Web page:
The dimensions of those microphones is essential. Should you’re a field recordist, having the ability to journey calmly and discreetly is typically simply as necessary as getting up shut. Plus, having tiny microphones that may be simply deployed into hole timber, shells, engines or carcasses can supply countless enjoyable for the budding Chris Watson aficionado. In the studio in the meantime, recording devices in new methods can crack open new horizons or assist clear up present issues. Recording “difficult” devices like glockenspiels or xylophones, for instance, is a lot much less annoying with the Uši Professional available.
LOM HQ frontPhotography by: LOM
LOM has grown quickly in the previous couple of years. Initially only a room in Gruska’s house (“my girlfriend at the time really hated the fact that there were electronic components everywhere”), the workshop quickly moved to a tiny laboratory area, earlier than increasing after which shifting to its present residence, a 280 sq. meter ex-butcher’s store that appears fated to have ended up as an experimental music analysis middle.
“The plan is to have a public space for workshops, lectures and quiet concerts,” he tells me excitedly. “In the basement we’re planning to open our own studio for LOM-related artists to use, and also we’re planning to build a small anechoic chamber there for microphone testing, or for people who would like to experience sensory deprivation. It’s all in a former state from the 1980s so we are slowly rebuilding it. I’m learning how to do all this – build stuff – which is a lot of fun actually. I really enjoy it as a switch from the computer work.”
Gruska has managed to construct greater than only a bodily location – he’s nurtured a group in Bratislava delicate to his objectives. “We have a very particular style of doing things,” he laughs. “Before we had the space, we were doing most of the events outdoors – in abandoned buildings around the city or under the bridge; these very peculiar spaces. We have a small solar-powered soundsystem that I built, so I can just play with the solar energy, powered by batteries. We don’t use diesel generators or anything, so we can play super quiet music. It’s a lot of fun to meet new people outdoors in new environments.”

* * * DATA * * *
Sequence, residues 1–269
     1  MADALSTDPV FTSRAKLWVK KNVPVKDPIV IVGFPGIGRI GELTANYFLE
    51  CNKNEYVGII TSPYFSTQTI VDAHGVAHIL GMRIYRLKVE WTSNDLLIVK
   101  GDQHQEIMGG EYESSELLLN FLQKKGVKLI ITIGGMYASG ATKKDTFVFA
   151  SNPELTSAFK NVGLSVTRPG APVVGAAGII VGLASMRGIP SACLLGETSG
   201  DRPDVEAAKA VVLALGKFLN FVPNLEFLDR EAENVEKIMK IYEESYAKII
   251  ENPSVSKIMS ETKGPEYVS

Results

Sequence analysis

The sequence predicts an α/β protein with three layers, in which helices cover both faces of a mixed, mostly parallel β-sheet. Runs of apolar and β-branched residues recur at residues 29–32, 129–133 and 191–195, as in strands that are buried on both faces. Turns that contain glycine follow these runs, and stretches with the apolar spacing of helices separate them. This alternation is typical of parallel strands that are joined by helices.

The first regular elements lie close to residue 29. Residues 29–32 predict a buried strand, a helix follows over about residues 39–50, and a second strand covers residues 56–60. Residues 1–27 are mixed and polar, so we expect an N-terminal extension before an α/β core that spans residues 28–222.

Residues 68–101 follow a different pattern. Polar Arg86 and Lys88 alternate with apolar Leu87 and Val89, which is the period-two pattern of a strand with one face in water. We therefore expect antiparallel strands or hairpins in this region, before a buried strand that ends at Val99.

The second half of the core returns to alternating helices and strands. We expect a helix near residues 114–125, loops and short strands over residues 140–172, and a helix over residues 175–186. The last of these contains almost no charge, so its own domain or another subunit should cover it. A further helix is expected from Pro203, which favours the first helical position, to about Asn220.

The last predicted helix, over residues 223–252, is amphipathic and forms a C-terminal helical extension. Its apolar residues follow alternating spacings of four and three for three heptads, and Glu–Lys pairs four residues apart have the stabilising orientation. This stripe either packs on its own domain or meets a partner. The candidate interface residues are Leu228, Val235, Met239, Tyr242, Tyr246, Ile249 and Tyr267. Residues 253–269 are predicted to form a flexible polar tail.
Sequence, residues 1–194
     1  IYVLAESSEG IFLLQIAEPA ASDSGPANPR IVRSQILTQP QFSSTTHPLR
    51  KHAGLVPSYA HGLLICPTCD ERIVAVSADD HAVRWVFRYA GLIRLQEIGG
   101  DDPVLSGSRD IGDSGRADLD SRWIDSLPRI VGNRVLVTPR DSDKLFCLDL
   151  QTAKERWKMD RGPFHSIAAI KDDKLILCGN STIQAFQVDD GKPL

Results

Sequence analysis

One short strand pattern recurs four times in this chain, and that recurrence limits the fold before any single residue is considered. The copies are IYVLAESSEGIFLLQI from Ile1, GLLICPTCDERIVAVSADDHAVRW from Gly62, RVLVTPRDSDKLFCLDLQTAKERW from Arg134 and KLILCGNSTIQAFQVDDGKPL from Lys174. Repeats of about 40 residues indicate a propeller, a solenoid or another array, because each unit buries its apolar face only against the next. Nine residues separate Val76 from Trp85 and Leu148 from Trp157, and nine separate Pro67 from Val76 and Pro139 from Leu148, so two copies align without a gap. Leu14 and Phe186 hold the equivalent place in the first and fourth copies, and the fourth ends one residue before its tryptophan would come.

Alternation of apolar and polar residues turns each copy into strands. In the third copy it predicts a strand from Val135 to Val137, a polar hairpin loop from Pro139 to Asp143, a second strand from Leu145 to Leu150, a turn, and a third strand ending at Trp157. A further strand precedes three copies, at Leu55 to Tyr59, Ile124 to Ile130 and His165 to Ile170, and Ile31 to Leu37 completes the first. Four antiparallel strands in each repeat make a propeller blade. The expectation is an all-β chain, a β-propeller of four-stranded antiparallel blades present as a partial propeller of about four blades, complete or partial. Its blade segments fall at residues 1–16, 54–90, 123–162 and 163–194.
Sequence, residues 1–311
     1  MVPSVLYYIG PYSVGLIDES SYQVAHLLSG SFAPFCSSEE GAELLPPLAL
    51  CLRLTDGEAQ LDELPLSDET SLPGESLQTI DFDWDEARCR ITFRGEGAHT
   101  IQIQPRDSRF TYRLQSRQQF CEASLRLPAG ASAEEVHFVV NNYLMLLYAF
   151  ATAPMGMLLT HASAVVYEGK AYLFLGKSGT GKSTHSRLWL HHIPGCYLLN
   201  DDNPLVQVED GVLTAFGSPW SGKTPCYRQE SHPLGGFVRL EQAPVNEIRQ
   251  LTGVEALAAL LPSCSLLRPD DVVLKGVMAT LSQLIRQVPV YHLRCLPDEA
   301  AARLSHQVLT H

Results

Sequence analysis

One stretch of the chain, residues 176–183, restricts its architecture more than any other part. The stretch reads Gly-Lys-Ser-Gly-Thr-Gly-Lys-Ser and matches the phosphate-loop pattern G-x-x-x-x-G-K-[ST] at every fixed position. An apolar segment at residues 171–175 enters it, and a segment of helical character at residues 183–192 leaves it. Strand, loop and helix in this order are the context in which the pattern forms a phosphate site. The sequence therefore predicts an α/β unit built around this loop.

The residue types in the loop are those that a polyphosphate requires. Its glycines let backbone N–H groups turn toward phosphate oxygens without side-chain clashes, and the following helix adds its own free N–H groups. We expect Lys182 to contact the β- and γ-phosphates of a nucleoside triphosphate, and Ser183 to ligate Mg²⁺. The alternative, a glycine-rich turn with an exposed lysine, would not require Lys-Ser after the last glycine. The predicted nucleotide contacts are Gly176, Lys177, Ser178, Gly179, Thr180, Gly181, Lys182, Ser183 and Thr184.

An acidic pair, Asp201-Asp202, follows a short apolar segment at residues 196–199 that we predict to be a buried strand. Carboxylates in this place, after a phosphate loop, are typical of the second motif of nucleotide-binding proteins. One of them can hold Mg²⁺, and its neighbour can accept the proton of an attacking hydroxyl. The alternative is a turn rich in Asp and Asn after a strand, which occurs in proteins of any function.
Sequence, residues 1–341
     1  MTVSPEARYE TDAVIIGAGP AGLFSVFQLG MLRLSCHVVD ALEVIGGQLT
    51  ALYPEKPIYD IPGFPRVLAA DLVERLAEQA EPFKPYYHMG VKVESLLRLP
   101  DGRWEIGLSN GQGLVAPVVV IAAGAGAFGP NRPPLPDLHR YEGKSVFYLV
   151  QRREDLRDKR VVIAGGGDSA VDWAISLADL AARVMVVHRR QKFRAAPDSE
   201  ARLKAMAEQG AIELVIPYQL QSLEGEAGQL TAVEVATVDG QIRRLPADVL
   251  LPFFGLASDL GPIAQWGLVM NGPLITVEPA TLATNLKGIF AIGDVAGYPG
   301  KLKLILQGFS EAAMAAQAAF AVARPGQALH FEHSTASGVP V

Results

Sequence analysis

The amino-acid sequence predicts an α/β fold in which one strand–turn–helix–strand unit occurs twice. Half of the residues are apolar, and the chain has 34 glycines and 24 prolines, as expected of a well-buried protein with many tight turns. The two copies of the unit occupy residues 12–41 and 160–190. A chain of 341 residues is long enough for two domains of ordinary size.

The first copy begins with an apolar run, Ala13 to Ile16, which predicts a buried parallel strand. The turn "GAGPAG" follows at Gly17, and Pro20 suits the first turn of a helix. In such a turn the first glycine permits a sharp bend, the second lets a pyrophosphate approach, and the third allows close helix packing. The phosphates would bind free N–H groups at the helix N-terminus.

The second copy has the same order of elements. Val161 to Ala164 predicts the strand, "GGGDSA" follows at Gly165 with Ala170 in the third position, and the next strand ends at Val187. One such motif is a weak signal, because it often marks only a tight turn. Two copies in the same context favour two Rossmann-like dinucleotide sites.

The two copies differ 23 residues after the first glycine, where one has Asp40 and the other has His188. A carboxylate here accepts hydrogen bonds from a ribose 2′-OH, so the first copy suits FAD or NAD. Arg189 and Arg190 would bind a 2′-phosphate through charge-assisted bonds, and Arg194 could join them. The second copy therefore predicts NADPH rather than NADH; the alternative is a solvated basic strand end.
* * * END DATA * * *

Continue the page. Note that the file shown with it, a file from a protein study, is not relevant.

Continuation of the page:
LOM graphicIllustration by: Martina Pauková
The group additionally stretches outdoors Slovakia, thanks to the LOM Devices Fb group, the place customers can share recordings and chat about their experiences with Gruska’s units. There’s even assist offered to permit those that can’t afford the devices to buy cheap elements and construct their very own. “Because it’s open source it’s possible, and I wrote a little guide on how to do it,” says Gruska. “We also started this program a couple of years ago called LOM Plus U. We were accepting submissions from people on a budget, or who couldn’t afford our devices, and if we liked the project we sent them the device they desired. We’ve supported 10 or 11 people so far. Currently the program is on a break because we couldn’t deal with the amount of submissions – there was a lot of stuff coming in – but we’re going to resume it soon.”
Earlier than he began constructing microphones, Gruska developed the Elektrosluch, a handheld system designed for listening to and recording electromagnetic fields. The primary time I got here throughout one, it was being handed round at a pub in London to a refrain of coos from an crowd of observers. It’s the sort of system that sparks a direct response, revealing the dense, eerie sounds hanging in the air round any digital gadget.
LOM interiorPhotography by: Boris Vitazek
“After seeing some performances of people using pickup coils and guitar pickups for basically the same thing, I thought it would be quite good to make it into a special device for this purpose,” Gruska explains. “You don’t need anything else, you just plug in your headphones and go out and listen. It’s very accessible to even non-recordists, really anyone with a pair of headphones.”